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doctrine cannot be of God, as I am sure that God is good and just ; because this grates upon the notion that mankind have of goodness and justice. This is that which no good man would do, and therefore cannot be believed of infinite goodness; and therefore if “an apostle or angel from heaven” teach any doctrine which plainly overthrows the goodness and justice of God, “ let him be accursed.” For every man hath greater assurance that God is good and just, than he can of any subtle speculations about predestination and the decrees of God.
And to give but one instance more: I can never believe, upon the authority of any man, or church whatsoever, that our Saviour, in the celebration of his last supper, did with his own hands give away his own natural body into the hands of his disciples, and give his blood shed, before it was shed; that the whole doctrine of Christianity should mainly rely upon the evidence of miracles, the assurance of which depends upon the certainty of sense; and yet that an essential part of that doctrine should overthrow the certainty of sense. I can never while I live believe these two things, that the last thing our Saviour did before his death, should be to teach his disciples not to believe their own senses, as he must do if he taught them transubstantiation; and that the very first thing he did after he was risen from the dead, should be to teach them the quite contrary, by appealing to the certainty of sense for the proof of his resurrection ; for when they doubted of his resurrection, “He said unto them, why are ye troubled ? and why do thoughts arise in your hearts ? Behold my hands and my feet, that it is I myself: handle me, and see, for a spirit hath not flesh and bones, as ye see me have.” If this be a good argument, that it was a real body which they saw, because they saw and felt flesh and bones; is it not as good an argument on the other side, that what they saw in the sacrament was not his real and natural body, because they could neither see nor handle flesh and bones ? So that I cannot believe transubstantiation, unless I can believe that truth itself can contradict and destroy itself.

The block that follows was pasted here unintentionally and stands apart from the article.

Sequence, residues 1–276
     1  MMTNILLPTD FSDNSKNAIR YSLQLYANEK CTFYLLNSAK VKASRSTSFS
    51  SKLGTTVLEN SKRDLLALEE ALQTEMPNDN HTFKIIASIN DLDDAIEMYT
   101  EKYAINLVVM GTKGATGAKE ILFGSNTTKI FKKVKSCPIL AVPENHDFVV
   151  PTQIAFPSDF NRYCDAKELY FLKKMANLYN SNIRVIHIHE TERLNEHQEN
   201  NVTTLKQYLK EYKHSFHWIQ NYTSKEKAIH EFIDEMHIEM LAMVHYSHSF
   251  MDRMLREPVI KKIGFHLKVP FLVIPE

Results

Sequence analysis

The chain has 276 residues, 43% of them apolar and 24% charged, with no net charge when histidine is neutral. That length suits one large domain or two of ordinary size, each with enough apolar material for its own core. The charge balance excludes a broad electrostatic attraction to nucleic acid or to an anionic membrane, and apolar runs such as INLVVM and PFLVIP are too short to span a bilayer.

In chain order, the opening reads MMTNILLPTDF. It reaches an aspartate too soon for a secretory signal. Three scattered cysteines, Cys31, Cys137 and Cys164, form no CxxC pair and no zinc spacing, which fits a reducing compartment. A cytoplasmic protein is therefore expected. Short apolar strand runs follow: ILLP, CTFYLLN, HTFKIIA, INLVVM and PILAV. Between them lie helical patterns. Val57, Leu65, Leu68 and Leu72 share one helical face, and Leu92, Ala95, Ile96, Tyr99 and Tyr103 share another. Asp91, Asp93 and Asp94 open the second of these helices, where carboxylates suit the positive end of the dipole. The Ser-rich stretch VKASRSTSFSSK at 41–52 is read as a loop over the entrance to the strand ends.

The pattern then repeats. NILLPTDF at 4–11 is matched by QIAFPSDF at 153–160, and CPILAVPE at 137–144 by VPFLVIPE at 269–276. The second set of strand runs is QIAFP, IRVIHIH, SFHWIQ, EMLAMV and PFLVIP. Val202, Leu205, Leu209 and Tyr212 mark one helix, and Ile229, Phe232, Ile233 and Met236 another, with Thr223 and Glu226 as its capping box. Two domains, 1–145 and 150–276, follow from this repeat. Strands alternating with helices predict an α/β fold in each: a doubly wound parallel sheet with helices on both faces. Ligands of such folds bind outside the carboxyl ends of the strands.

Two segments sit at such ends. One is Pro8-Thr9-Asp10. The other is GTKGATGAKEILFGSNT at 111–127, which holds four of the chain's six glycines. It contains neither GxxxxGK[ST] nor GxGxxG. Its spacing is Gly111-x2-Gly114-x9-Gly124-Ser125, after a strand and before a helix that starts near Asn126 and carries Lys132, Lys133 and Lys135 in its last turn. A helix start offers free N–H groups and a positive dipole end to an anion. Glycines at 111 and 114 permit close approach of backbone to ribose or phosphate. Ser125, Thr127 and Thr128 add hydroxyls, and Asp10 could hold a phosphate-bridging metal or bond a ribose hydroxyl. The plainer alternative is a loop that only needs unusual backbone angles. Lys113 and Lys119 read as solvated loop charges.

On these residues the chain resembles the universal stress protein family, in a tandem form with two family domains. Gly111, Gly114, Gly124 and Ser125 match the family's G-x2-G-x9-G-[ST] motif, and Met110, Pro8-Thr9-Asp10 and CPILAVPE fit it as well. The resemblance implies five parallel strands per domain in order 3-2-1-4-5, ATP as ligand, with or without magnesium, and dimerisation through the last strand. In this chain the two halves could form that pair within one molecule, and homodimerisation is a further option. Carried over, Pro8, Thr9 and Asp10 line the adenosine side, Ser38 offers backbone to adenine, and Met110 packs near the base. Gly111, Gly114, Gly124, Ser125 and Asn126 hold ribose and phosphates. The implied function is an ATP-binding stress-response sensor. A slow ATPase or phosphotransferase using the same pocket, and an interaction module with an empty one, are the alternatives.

SERMON, 1 Tim. i. 2.
I will consider what we are to understand by the blessedness or happiness of God, and what are the essential ingredients of it. Now the notion of happiness taken at its highest pitch, as we must necessarily do when we apply it to God, is no other than a fixed and immoveable state of contentment and satisfaction, of pleasure and delight, resulting from the secure possession and enjoyment of all that is good and desirable, that is, of all excellency and perfection ; so that these following ingredients must go to make up a perfect state of happiness.